This is the mail archive of the mailing list for the Archer project.

Index Nav: [Date Index] [Subject Index] [Author Index] [Thread Index]
Message Nav: [Date Prev] [Date Next] [Thread Prev] [Thread Next]
Other format: [Raw text]

PR 2488 status and some unwinder questions

I've been doing some investigation on gnats PR 2488 and wanted to give a
brief status, and gather some suggestions on approach so far. This bug
manifests itself when a user invokes the "next" command over a C++
"throw" statement. This will cause GDB to lose control of the inferior.

The cause of this bug is that the "next" command uses setjmp/longjmp
breakpoints to detect completion, and return control to GDB; however the
unwinder does not use this method to invoke context changes and GDB
cannot detect that change. Anyway, control of the inferior is lost until
it hits another (unrelated) breakpoint, or it exits.

So for the last while I've been looking at placing a breakpoint
somewhere convenient in the unwinder, in addition to the existing
longjmp breakpoints. This will allow one to deduce from the unwind
structures where the correct stopping place is. The most convenient
place for this is in uw_install_context() function. This is called from
UnwindRaise_Exception() in all cases. (It also seems to be called in
many other cases, and would also provide a convenient side benefit of
catching all context changes invoked by the unwinder.) In any case, this
is always called in the raise exception code - whether that context is
to a clean-up, or to an exception handler. The uw_install_context()
function is passed two _Unwind_Context structures: one of which is the
current context and the other a "this" context. I find these names a bit
confusing - and please if my logic is wandering into the weeds, let me
know. But the current context structure is the source of where the
uw_install_context() will install the context too (i.e. where we are
going), and the "this" context is where we are right now. How
uw_install_context() does this is not relevant to this email, but among
the information in these _Unwind_Context data structures is the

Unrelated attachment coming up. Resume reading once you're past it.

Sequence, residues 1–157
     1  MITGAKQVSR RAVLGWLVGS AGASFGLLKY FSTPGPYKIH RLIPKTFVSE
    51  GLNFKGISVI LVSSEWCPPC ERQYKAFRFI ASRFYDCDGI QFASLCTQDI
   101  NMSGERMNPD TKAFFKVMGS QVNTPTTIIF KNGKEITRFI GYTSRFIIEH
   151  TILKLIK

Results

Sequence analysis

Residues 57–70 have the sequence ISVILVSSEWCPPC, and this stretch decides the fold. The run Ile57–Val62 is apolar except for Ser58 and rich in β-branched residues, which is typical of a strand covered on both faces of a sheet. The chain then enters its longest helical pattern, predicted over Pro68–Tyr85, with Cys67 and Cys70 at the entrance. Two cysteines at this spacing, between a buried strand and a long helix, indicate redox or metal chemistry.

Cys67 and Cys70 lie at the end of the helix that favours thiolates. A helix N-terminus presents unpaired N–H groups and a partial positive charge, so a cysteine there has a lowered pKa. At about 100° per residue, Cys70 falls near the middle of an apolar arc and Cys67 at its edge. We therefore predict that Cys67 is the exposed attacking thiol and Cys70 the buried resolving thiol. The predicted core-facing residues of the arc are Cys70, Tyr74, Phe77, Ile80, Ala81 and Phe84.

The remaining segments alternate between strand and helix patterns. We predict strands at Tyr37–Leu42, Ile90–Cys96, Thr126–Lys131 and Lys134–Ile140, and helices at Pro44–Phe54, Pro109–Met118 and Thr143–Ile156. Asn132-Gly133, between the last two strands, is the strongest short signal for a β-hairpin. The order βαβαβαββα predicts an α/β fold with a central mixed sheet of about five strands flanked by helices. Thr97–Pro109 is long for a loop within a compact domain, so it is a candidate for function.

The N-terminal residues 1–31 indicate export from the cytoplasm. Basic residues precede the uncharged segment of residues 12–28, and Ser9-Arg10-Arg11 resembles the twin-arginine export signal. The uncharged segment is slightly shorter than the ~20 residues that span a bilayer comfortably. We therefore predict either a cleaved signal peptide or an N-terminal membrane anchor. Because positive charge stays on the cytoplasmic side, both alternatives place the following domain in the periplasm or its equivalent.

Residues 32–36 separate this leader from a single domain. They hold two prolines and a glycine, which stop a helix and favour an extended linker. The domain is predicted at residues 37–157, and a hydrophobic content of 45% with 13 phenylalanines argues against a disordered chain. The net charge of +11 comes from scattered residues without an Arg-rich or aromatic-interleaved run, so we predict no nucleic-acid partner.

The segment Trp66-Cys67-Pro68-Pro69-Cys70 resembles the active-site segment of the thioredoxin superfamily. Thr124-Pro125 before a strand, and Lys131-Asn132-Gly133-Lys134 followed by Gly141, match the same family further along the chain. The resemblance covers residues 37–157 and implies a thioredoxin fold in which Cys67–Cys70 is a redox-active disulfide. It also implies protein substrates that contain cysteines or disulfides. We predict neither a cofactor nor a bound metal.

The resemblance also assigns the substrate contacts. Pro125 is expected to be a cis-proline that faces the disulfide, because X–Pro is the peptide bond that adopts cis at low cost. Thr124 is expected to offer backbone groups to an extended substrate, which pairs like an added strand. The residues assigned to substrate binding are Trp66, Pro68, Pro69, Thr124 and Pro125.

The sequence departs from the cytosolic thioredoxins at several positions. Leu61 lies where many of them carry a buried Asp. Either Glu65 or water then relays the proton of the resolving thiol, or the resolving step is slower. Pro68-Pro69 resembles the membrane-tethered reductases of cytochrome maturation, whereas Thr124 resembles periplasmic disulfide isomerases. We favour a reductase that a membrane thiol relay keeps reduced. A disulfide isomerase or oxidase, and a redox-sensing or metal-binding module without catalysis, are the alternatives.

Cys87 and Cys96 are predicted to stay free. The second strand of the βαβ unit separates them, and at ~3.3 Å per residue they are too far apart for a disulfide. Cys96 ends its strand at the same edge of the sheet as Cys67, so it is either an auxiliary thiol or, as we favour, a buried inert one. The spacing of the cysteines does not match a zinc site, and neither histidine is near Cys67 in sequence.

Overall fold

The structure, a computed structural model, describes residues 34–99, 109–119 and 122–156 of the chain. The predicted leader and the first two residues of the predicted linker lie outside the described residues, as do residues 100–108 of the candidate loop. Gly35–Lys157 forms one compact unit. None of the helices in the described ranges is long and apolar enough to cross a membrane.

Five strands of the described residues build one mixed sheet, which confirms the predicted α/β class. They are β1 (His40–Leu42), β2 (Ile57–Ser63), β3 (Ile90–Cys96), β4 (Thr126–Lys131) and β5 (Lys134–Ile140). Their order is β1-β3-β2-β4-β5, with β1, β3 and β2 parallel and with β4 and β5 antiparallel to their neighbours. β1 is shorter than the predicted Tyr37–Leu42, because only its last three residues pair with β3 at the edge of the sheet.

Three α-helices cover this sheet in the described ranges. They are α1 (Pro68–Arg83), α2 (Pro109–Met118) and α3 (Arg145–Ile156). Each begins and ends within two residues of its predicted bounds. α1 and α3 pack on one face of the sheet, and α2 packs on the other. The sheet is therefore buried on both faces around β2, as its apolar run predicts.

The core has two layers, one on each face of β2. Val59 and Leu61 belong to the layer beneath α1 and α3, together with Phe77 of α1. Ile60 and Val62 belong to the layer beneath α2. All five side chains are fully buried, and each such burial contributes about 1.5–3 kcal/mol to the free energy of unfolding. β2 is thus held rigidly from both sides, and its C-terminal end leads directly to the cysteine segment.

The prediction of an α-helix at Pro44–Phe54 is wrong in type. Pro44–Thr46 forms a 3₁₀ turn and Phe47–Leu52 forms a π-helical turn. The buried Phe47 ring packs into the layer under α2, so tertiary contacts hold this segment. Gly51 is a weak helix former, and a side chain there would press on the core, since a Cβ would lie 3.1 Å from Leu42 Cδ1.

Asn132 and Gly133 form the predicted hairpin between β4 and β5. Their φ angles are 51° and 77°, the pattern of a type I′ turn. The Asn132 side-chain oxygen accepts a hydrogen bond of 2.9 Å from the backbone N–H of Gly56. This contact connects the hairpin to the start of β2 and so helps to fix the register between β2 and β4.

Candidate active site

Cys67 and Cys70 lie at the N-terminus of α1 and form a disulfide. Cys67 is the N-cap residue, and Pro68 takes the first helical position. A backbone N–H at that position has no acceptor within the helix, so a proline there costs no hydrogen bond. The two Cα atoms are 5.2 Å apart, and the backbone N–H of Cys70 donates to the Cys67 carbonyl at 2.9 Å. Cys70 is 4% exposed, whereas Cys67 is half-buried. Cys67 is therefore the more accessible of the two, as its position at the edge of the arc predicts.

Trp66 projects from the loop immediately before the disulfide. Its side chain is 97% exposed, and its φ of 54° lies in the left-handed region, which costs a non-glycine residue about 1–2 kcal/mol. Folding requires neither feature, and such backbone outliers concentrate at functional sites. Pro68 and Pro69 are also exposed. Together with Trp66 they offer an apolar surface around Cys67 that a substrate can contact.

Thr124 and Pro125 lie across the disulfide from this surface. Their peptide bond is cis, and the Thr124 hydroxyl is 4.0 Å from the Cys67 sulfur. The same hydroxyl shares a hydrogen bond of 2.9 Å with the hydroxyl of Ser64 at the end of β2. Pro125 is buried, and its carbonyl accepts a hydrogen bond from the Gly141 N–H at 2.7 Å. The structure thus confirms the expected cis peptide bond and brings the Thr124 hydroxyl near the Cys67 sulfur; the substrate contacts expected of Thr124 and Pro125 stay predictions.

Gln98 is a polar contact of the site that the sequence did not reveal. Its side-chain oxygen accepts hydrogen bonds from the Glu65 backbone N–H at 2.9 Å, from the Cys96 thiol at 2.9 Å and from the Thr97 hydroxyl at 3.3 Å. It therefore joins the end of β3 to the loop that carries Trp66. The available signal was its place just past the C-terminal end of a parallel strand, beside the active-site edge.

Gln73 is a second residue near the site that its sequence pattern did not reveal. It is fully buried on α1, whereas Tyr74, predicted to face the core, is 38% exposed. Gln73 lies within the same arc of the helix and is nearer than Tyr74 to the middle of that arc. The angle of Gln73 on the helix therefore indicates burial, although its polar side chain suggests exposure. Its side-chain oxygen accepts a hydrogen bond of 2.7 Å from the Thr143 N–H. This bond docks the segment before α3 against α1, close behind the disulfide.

location of where we'll end up after the context is installed.

So far so good.

Unfortunately I found that I cannot place a breakpoint in
uw_install_context() as it is not exported. I cannot find it via:

readelf --syms /usr/lib64/

And other attempts do not provide anything promising on my Fedora box.
It is exposed via debug-info however:

eu-readelf --symbols | grep
  152: 000000000000ef80    313 FUNC    LOCAL  DEFAULT       12

(uw_install_context is a macro that among other things calls
uw_install_context_1. When I talk about placing a breakpoint in
uw_install_context, I really mean in the "actual" function

However requiring GCC debug-info to be installed for correct operation
of C++ debugging in GDB is a bit of a non-starter. So bit disappointed
there. I could ask for uw_install_context(_1) to be exported. Is there a
strong case for/against? Is there another place where we can intercept
the context change before it happens, and mine the data for the context
change location? Or is this (breakpoint in the unwinder) just the wrong

Another approach I'm going to look at is mining the FDE entries in
.eh_frame to try to piece together where uw_install_context() would
install the context too (from the current $pc). However, something Tom
mentioned about avoiding reimplementing the unwinder in GDB gave me some
pause ;)



Index Nav: [Date Index] [Subject Index] [Author Index] [Thread Index]
Message Nav: [Date Prev] [Date Next] [Thread Prev] [Thread Next]